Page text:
Which makes me think of people with mental conditions. There’s a lot of overlap, causing mixed symptoms. What treatments would help, or harm, the patient? We’re making strides there, too: computers can now diagnose schizophrenia with high accuracy. The system, called “EMPaSchiz”, or “Ensemble algorithm with Multiple Parcellations for Schizophrenia prediction” (say that three times fast!), is also 87 percent accurate.

All of that is surely just a start, and if you think about it, all the complexities just mentioned are pretty much true for any body system: overlap, mixed symptoms, differing treatment regimens. So isn’t it pretty much just Uncommon Sense to start working toward a more comprehensive A.I. solution to diagnosis?

Others think so: “You could look at almost any area of healthcare and see that advanced data science has an enormous amount to offer,” says Sir Mark Walport, chief executive of U.K. Research and Innovation, or UKRI. “This technology has huge potential right across the world of healthcare.” And what is the UKRI? The British government saw such promise in this field that they’re spending 50 million pounds — really, just a trifling sum considering the enormity of modern medical care — to establish five new research centers to get these systems up and running. “The potential here,” Wolpert says, “is to have a computer algorithm assisting humans in what are quite difficult diagnoses.”

How long do you think it will take before that 50 million quid, or about US$65 million, is paid back? My bet: less than a year from the systems going online in regular practice.

Are there worries about A.I. maybe taking over the world and enslaving humanity? To me, that sounds more like human insecurities talking there — doom and gloom science fiction. I consider that a very tiny risk compared to the enormous potential for relieving illness and improving life.

Funny, but that sounds just like vaccines!

In other words, going down this path isn’t just necessary, but smart. It really is Uncommon Sense in action.

The Show Page for this episode, which includes links to my sources, and a place to comment, is at thisistrue.com/podcast24

I’m Randy Cassingham … and I’ll talk at you later.

9 thoughts on “024: Extending Thinking Beyond Humans

  1. I can’t wait for a reasonably accurate AI system that can diagnose & recommend treatment for EVERY common disease/condition & most uncommon diseases/conditions (success with the common ones will give Drs. confidence it can accurately handle uncommon ones). Most Doctors can recognize & treat most common diseases, but hit them with an uncommon disease or a condition they’ve never seen before or were never trained for, and they’re lost.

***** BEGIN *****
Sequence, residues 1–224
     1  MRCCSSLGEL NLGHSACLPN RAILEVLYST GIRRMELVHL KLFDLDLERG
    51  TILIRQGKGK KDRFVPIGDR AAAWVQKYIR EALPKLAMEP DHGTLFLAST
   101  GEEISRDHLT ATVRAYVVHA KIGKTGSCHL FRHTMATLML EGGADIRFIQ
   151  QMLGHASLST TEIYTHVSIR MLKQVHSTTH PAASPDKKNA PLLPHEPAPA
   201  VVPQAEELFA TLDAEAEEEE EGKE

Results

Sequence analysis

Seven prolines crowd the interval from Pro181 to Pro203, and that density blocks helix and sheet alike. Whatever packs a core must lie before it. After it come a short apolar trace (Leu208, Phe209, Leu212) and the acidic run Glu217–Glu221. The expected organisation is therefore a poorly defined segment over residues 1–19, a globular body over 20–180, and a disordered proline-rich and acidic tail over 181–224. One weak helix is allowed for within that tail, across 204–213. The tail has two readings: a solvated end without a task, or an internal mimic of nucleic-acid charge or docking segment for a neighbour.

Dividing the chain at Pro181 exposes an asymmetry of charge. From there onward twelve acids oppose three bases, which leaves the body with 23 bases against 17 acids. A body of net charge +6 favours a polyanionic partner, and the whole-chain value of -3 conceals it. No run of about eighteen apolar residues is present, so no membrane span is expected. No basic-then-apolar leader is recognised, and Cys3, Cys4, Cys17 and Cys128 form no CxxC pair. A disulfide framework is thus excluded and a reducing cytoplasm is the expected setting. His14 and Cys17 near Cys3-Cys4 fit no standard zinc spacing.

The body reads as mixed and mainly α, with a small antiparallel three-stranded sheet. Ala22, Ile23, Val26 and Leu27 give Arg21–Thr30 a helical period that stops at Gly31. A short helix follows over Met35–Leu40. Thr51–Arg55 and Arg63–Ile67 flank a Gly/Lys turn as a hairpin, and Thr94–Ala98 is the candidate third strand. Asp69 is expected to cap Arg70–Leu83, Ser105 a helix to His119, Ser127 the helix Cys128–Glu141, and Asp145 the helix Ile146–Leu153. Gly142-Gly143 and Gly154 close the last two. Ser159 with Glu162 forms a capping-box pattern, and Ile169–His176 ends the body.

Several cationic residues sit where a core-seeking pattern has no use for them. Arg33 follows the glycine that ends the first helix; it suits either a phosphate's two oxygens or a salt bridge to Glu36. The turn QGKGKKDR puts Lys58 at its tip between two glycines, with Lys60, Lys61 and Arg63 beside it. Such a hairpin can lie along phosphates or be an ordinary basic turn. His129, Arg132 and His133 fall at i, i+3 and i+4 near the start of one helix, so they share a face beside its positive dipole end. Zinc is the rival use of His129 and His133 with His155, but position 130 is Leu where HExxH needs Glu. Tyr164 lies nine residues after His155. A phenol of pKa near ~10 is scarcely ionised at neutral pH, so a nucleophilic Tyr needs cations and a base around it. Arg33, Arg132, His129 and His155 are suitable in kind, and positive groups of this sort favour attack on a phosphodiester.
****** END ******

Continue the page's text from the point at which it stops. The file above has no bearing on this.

I’m reminded of an episode of “Emergency” where an intern at a major LA hospital failed to diagnose a teenage boy with a case of polio because he’d never seen one before. The disease was so uncommon that his training hadn’t even covered it! A senior Dr. happened to overhear a discussion of the boy’s symptoms, and recognized the condition. Turns out the boy’s parents hadn’t had him vaccinated against polio because “everyone knows polio’s been eliminated”. With the (sadly) seemingly widespread incidents of non-vaccinated children similar situations are going to become more & more common.

    Doctors can only be trained for so much & they can’t be trained for everything. With more & more kids going unvaccinated due to unfounded fears about vaccines, Drs. are going to start seeing diseases they were never trained for because the disease had long been considered eradicated. As a result, many patients are going to suffer needlessly despite their Dr’s best efforts. The public DESPERATELY needs such an AI and we need it NOW!

  2. While AI systems can learn to do quite a bit, they are often terrible at extrapolation past their training sets. Since they can fail spectacularly, they should only be used as a guide. A few AI failures from 2017 are here.

    There are other examples which could have been catastrophic (e.g., a system which learned to distinguish cars from tanks so it could target tanks but mysteriously thought every vehicle on the battlefield was a tank).

    The problem with current AI systems is that they cannot explain why they came to a particular solution. This both limits how much we can learn from them and how testable they are because they silently absorb any bias in their training sets. I have been following this field since I spent several years working at Thinking Machines (an early AI and computing company) in 1984 and I think you are being overly optimistic. Maybe we will get there but I doubt it will be with the current crop of systems.

    When reading all the glowing reports of success, do not neglect the file-drawer effect. In order to keep funding flowing, researchers rarely publish their failures but if you put the system into medical practice, we become the guinea pigs.

    My conclusion wasn’t to put a comprehensive A.I. system in place tomorrow. Rather, it was “So isn’t it pretty much just Uncommon Sense to start working toward a more comprehensive A.I. solution to diagnosis?” Yes, we need to be damned careful, using the systems in parallel with a real doctor for a long while, and confirming the diagnoses that are made (whether by a human or computer) to learn from the mistakes — and there will be plenty, because there have been plenty all along. We’ve been the guinea pigs since medicine began! -rc